That Ayers is the author of Obama's autobiography is a major theme of WND columnist Jack Cashill's work and his new bestselling book "Deconstructing Obama: The Life, Loves and Letters of America's Fir...
In an email to WND, Cashill said that Ayers's face looked relaxed at first when he answered the question.
"This time, I think Ayers was making a serious admission," Cashill told WND. "I think it took a split second for him to realize where this was going. Then, as he pulls away, his face assumes a smile rictus. It’s not a full-face smile, but a false smile – only the mouth, not the eyes."
Cashill noted that Ayers was answering a question not about ghostwriting Obama's autobiography, but about the current U.S. military involvement in the war in Libya.
"The subject of the Libyan war came up earlier in Ayers' speech," Cashill noted, "and Ayers said he thought the expenditure of money for Tomahawk missiles would be better spent for education."
Cashill said he believes Ayers is sending a message to the White House.
"Ayers is a very smart guy and he was careful to couch his comments with irony," Cashill noted. "But Ayers was not aiming his irony at critics like me. He was aiming his irony at the White House, letting Obama know that he could blow Obama out of the water, if he gets serious about it."
What damage could Ayers do Obama?
"Ayers is very anti-war and he is upset about our military involvement in Libya," Cashill answered. "All Ayers would have to do is give a press conference in which he demonstrated he was the principle craftsman behind 'Dreams' and the whole myth of Obama's literary genius would come crashing down."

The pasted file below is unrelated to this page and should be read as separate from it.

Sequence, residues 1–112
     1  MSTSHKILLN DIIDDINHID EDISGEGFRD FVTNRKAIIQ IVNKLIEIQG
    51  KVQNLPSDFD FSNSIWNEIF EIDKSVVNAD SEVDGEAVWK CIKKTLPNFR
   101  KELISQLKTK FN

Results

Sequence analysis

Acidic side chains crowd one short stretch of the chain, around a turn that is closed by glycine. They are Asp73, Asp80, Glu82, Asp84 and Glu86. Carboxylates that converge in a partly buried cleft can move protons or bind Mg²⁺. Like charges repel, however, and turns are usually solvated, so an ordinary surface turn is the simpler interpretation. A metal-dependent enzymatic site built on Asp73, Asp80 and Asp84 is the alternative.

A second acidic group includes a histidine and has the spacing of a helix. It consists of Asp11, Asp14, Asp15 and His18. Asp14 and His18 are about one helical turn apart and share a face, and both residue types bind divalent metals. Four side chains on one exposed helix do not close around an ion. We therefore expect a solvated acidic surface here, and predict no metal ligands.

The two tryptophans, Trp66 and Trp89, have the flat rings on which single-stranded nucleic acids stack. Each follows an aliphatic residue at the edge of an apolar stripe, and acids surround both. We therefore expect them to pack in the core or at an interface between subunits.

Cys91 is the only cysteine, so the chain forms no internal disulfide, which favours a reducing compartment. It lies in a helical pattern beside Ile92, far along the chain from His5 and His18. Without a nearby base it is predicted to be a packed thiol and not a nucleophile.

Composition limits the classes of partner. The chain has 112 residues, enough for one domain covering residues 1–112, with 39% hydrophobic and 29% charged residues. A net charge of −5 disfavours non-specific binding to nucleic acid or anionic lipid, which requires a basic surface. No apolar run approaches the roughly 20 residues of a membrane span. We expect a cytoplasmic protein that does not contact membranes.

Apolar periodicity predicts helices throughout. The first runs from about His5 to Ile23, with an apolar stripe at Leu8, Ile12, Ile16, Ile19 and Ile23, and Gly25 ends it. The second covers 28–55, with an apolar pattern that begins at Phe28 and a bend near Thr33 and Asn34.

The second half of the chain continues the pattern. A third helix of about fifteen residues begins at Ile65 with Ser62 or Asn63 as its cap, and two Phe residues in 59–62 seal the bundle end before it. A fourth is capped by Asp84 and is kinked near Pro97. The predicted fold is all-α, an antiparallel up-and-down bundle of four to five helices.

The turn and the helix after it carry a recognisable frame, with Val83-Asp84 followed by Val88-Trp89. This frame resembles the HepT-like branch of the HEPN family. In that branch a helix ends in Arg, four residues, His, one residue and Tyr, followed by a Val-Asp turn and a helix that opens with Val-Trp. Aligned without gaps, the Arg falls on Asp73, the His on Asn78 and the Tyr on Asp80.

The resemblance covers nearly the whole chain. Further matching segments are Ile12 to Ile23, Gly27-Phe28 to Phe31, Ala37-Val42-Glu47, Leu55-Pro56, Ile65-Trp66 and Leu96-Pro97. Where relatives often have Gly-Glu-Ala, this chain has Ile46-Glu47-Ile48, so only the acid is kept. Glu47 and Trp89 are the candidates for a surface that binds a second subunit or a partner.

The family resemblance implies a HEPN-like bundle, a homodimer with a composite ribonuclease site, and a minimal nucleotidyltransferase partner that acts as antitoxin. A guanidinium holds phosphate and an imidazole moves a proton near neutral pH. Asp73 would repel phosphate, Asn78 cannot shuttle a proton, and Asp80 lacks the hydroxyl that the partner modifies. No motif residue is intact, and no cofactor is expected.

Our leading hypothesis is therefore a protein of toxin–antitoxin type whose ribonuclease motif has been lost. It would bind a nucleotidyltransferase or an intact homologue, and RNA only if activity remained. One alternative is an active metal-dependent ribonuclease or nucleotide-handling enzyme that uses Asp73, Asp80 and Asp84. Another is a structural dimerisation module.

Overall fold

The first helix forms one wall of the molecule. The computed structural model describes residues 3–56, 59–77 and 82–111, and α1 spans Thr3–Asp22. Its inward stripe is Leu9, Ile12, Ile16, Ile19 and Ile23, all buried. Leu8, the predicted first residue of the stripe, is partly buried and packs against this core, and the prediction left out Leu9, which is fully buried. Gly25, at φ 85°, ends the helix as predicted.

Jack Cashill's literary investigation uncovers revelations galore a...
Christopher Anderson, in his 2009 book "Barack and Michelle: Portrait of an American Marriage," reported that a desperate Obama in the mid-1990s, facing a second canceled book contract, sought the help of Ayers.
"In the end, Ayers contribution to Barack's "Dreams From My Father" would be significant," Anderson wrote on page 165 of "Barack and Michelle," "so much so that the book's language, oddly specific references, literary devices, and themes would bear a jarring similarity to Ayers' own writings."
Anderson credited Ayers with providing the assistance Obama needed to complete his unfinished autobiography.
"Thanks to help from the veteran writer Ayers, Barack Obama would be able to submit a manuscript to his editors at Times Brooks," Anderson continued on page 166. "With some minor cuts and polishing, the book would be on track for publication in the early summer of 1995."
The SDS invitation for the Ayers event at Montclair State described the speech as "Education and the New Activism: How Did Bill Ayers Evolve From Radical Activist to Educator?"
Cashill first raised questions about the possibility of Ayers' ghostwriting for Obama during the 2008 campaign. Sen. John McCain had questioned Obama's relationship with Ayers – a story broken by WND's Aaron Klein – during debates. Obama dismissed his relationship with Ayers as casual, referring to him as "just a guy in the neighborhood." Ayers served as one of the leaders of the Weather Underground terrorist group that sought to overthrow the U.S. government and took responsibility for bombing the U.S. Capitol in 1971. His wife, Bernardine Dohrn, was suspected of planting a bomb in a San Francisco police station that killed one officer. The pair emerged from more than a decade underground in 1980. Dohrn, once on the FBI's most wanted list, was fined $1,500 and served three years probation. Ayers was never convicted of anything.
The Ayers speech at Montclair State was attended by between 125-150 people. Including answering questions, Ayers spoke for approximately two hours.